Regardless of various “Bollywoodisms” (Schaefer, Karan, 2006, p. 312) emerging within Western media, such as those included in the 2001 film, Moulin Rouge, where the culture of Bollywood dancing has crossed over into the Australian/American film industry. Although this “give/take relationship” between various “cinematic contra-flows” (Schaefer, Karan, 2006, p. 314) and media capitals highlights just how accepting we are multiculturalism, I wonder how economically this is affecting the Australian film industry.


With stereotypes such as those highlighted in Neel Kolhatkar’s youtube clip Australian Media in 2mins, it’s no wonder Australian media production has allowed other countries to surpass it. It seems size and economic status don’t matter when it comes down to the top ten film producers around the world, with the Philippians ranking in higher than Australia.

Regardless of Prime Minister Gorton’s inspiring statement “it’s time to see our own landscapes, hear our own voices and dream our own dreams”, it seem media production in Australia still has a long way to go in order to gain it’s 1906 status as “first feature length film” once again. Perhaps hybridising the filming industry in Australia as means of not only economic increase, but also is improving/establishing our status as a media capital and promoting Australia as a cultural hub. Rather than simply importing films and embracing Americanisms/Bollywoodisms/Asianisms, perhaps future media capital and exportation status may become a possibility.

Media Capitals? More like Celebrity Hubs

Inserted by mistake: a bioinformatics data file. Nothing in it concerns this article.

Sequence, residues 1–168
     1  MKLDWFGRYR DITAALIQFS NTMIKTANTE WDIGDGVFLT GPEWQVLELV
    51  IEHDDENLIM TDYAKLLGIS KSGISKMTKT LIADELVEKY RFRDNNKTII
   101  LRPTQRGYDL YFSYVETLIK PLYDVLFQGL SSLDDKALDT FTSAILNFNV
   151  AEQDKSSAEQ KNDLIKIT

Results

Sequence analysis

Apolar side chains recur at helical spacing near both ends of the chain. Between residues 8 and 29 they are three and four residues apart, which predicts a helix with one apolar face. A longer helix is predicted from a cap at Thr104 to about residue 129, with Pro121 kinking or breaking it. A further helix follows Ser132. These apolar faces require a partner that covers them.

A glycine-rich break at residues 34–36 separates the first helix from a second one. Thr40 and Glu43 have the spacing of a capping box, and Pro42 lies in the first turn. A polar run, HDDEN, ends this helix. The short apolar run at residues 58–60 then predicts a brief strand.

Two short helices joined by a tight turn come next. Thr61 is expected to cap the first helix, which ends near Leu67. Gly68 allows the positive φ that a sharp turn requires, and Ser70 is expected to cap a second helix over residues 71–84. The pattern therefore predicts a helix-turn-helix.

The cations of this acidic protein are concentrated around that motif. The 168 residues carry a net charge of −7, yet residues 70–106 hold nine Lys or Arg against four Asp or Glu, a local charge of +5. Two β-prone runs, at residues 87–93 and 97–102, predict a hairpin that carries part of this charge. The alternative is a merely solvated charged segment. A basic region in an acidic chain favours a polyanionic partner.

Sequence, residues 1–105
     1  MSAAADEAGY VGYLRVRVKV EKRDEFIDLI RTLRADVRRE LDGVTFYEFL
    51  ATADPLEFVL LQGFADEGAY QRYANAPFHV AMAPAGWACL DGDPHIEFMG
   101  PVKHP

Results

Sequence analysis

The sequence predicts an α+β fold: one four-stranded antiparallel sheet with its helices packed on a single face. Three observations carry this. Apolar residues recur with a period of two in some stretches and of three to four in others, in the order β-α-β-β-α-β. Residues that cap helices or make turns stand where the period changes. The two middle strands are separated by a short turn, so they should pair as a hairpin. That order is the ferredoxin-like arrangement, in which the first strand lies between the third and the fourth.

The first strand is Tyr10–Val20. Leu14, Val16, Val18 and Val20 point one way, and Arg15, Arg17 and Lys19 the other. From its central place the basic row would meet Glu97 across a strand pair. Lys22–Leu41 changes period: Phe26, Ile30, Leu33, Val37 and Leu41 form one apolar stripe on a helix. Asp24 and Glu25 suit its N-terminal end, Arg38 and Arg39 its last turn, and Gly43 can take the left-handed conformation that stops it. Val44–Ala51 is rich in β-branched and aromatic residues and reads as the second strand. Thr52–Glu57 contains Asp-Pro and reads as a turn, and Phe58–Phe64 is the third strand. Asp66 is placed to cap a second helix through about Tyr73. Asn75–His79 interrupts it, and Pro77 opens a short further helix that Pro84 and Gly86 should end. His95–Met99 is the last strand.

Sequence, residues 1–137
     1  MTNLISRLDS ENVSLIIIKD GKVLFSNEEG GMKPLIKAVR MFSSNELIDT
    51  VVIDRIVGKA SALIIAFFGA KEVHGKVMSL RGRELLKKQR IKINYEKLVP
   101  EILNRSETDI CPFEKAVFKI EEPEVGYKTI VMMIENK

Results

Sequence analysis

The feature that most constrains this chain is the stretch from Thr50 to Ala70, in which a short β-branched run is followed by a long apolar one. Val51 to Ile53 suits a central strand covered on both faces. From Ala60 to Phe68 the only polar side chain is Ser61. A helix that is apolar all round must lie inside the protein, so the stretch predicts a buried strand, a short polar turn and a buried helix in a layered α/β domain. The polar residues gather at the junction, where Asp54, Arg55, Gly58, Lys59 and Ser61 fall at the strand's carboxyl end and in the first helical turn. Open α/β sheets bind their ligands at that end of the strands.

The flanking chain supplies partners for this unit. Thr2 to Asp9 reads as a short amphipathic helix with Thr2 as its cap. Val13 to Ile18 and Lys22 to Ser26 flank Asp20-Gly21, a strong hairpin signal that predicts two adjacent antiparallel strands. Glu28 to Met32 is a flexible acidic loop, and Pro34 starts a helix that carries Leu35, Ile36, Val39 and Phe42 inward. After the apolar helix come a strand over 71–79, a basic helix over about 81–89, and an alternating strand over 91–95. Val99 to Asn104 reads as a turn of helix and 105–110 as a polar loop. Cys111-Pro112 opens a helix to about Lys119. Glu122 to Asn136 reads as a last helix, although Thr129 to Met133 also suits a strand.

In a modern society, celebrity gossip and news has infected the lives of ‘normal’ people as “Hollywood exports continue to dominate global entertainment markets” (Curtin, 2003, p. 202) We see magazines such as OkMagazine stories such as Big Brother: Hot in the House or Relive the many times Taylor Swift disses ex Harry Styles at last night’s MTV VMA’s as becoming ‘big news’. Celebrity stories are spreading all over the world through the media hub known as Hollywood.


Media Capitals, as in cities that “represent centres of media activity… not necessarily corresponding to geography, interests or policies of particular nation-states” (Curtin, 2003, p.202), a “nexus or switching point” (Curtin, 2003, p.204) such as Hollywood have become a buffer against more important issues around the world, such as those on ABC News. Television shows such as The Bachelor, Next Top Model, Big Brother and talent shows such as X factor have poisoned networks all over the world into believing that Western society behaves in a certain way.